Right in the middle of Consumer Reports' Cash for Clunkers recommended car list sits the Honda Fit. The smallest Honda offered in the U.S., it may be the ideal car for a world of constrained resources and uncertain employment.
New for 2009, the Fit follows the same formula as its predecessor: Small on the outside, large on the inside. Taking up a surprisingly small piece of driveway, my Milano Red test car made short work of everything from passengers to groceries to string basses. The "Magic" split rear seat flips down to create 57.3 cubic feet of cargo space. Or, pull up the lower cushion and have a car-wide space behind the front seats.
It's the Fit's pod shape that makes it so impressive. The car looks a bit like a giant pumpkin or a sharp-edged ball. The windshield tapers down almost to the nose-there's hardly any hood. Generous windows in the front pillars enhance visibility. The side window line rises up dramatically, ending in a chopped-off hatch. This car is much larger and more usable than the original Honda Civic hatches that debuted in the early 1970s.
Despite its role as the entry-level Honda, the Fit is not just basic transportation. Air conditioning and power windows, locks and mirrors are standard. Current and average fuel economy information displays appear on the dash. A 160-watt four-speaker AM/FM/CD audio system with AUX plug is there too. They've even added a passenger visor vanity mirror, which was noticeably lacking in the previous-generation model I tested two years ago.
If you want more features, order the Sport model. It flaunts more than a dozen upgrades. Inside, you get remote entry and security system, leather wrapped steering wheel with illuminated controls, map lights, cruise control, and two extra speakers for the audio system. Outside, "sportiness" comes with an underbody kit, 16-inch alloy wheels, chrome headlight bezels and exhaust tips and a rear roof spoiler.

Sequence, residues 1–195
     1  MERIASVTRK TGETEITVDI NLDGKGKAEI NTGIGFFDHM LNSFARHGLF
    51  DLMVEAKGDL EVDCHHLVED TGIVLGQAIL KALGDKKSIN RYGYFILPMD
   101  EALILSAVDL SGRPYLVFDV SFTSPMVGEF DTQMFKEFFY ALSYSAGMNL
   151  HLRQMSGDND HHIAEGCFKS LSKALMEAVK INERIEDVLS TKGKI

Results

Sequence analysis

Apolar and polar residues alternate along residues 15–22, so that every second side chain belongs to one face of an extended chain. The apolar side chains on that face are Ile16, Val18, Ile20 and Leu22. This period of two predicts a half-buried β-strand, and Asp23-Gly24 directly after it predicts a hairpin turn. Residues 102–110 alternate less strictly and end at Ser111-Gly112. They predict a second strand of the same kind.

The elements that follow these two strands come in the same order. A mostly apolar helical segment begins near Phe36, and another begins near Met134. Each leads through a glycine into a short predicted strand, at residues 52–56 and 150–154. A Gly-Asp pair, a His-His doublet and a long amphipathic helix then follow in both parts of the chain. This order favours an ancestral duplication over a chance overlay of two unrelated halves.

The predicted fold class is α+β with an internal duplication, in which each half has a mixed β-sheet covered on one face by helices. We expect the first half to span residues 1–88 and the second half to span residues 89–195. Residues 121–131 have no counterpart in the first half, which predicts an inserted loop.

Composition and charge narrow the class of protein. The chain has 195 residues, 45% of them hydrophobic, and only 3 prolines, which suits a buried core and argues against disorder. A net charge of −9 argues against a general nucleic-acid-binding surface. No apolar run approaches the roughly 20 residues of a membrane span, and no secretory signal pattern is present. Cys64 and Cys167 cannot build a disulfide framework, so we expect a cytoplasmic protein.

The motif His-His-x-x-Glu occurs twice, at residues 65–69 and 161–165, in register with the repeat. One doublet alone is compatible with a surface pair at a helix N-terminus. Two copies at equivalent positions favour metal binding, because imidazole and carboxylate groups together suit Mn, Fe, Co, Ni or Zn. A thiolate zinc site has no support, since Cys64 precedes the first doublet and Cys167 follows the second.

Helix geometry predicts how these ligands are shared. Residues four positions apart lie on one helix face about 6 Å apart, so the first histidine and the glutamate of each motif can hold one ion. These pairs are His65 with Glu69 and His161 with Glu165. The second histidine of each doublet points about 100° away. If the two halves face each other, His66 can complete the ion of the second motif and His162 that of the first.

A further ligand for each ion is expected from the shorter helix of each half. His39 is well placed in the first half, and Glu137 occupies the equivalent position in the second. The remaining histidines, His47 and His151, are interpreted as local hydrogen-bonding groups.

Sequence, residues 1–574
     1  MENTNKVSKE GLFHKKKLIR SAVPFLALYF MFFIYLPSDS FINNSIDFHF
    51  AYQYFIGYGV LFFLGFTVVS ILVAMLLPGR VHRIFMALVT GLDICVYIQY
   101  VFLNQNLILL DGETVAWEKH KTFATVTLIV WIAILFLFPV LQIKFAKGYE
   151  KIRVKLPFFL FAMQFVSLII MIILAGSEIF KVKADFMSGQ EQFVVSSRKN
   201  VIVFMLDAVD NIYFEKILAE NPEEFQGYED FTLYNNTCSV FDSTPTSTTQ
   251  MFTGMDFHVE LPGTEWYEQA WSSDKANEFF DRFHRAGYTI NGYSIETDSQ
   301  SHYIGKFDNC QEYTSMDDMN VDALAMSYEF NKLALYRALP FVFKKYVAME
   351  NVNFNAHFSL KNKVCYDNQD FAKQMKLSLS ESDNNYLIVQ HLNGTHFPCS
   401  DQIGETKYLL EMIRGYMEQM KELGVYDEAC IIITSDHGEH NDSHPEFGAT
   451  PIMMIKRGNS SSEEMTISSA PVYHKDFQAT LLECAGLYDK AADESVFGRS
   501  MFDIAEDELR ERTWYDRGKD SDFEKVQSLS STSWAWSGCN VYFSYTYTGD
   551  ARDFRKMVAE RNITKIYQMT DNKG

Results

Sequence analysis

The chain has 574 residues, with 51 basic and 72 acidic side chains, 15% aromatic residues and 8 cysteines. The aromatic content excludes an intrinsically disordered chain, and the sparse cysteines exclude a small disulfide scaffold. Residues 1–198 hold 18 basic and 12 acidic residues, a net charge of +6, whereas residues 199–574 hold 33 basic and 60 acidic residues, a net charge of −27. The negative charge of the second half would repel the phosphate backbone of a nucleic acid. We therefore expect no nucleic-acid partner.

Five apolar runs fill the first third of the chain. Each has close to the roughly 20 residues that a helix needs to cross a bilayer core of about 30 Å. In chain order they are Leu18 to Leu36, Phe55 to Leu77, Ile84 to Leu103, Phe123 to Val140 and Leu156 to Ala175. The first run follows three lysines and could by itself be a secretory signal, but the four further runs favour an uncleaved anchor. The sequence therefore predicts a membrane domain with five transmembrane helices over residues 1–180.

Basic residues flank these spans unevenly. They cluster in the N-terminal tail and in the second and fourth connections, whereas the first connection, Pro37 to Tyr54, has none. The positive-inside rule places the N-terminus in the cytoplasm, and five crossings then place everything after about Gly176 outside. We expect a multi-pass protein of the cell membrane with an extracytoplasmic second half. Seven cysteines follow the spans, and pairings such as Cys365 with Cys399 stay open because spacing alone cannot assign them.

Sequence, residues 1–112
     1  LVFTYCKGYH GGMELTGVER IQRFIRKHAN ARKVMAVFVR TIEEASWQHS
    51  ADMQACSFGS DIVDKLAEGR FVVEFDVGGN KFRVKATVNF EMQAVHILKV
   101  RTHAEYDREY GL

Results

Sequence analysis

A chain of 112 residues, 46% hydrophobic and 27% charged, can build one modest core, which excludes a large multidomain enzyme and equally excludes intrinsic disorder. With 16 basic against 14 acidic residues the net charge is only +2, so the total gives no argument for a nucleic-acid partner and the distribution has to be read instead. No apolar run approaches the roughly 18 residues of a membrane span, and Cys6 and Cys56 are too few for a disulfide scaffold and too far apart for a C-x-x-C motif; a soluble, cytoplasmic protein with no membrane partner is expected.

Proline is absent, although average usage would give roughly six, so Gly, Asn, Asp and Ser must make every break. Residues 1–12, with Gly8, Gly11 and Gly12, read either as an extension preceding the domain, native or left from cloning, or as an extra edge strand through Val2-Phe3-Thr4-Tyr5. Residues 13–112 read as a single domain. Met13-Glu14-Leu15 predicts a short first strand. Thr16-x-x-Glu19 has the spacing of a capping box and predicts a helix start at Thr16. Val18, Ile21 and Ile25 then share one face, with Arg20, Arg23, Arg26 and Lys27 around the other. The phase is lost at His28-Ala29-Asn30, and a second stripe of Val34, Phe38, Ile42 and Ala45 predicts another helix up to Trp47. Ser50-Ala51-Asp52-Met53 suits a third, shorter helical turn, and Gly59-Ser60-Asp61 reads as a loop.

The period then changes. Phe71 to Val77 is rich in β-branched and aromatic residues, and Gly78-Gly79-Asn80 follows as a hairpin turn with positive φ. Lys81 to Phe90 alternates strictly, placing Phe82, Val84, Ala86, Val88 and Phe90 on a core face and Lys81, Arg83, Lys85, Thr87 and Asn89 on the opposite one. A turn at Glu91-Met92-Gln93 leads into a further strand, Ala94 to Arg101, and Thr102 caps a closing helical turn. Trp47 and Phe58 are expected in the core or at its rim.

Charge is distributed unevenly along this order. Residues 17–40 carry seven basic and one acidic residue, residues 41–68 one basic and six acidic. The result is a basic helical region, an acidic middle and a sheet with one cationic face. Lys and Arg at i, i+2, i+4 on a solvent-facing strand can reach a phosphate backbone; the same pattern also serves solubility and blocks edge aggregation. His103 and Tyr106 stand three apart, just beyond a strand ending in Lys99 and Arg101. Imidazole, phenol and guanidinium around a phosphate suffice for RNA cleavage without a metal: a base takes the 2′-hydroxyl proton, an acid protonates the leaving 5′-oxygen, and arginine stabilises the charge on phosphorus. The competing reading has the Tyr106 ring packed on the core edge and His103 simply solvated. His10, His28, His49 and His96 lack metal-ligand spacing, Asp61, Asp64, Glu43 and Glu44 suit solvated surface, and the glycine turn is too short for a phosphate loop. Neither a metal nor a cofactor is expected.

Both standard and Sport use an upgraded 1.5-liter inline four-cylinder engine driving the front wheels. Horsepower jumps from 109 in the old model to 117 today, with 106 lb.-ft. of torque. A five-speed manual transmission is standard, but you can order a five-speed automatic.
Even with the automatic, my test car felt perky and delivered 33.4 miles per gallon. EPA figures are 27 City, 33 Highway; Green Vehicle numbers are a laudable 7 for Air Pollution and 8 for Greenhouse Gas scores.
For such a small car, the Fit carries four people very comfortably. A high ceiling inside helps. The molded seats are comfortable without being especially luxurious.
The interior features Honda's busy styling, with plenty of varying surfaces and fanciful curves. It feels substantial and the fit and finish are typical Honda excellent.
The Fit earns a five-star, top-level rating for frontal crash for driver and passenger and five stars for side crash for the front seat (four stars for rear). That's thanks to the Advanced Compatibility Engineering (ACE) body structure. ACE also provides extra rigidity to the Fit and helps minimize the potential for under-ride or over-ride, which can occur during head-on or offset-frontal impacts with a significantly larger or smaller vehicle. Of course there are plenty of airbags-six in all.
Active safety includes an anti-lock braking system (ABS) with Electronic Brake Distribution (EBD) and brake assist, front seat belts with automatic tensioning systems, and driver and front passenger Active Head Restraints. These features used to be available only in more expensive vehicles, but the technology has percolated down to everyone's cars now. That's good.
You can order Vehicle Stability Assist™ (VSA®) on the Fit Sport, and my tester had it. An electronic stability control system, VSA works with the ABS and Traction Control System (TCS) to keep you from oversteering or understeering in a turn. The system carefully brakes one or more wheels independently to help the driver keep the vehicle on the intended travel path.
It won't cost you much to get into a Fit. Prices begin at $15,460, including destination charges. The Fit Sport jumps $1,510, and an automatic transmission will add $800 or $850 to that. My Fit Sport with a navigation system and VSA came to $19,630.
Beyond all this, with its electric rack-and-pinion steering system and firm suspension, the Fit is actually enjoyable to drive. Car magazines routinely rate it tops in its class for fun against competitors from Toyota, Nissan, Mazda and others. Especially at its price point, that means something, and you'll be safe too. There's even talk of a hybrid version. Watch this space for details.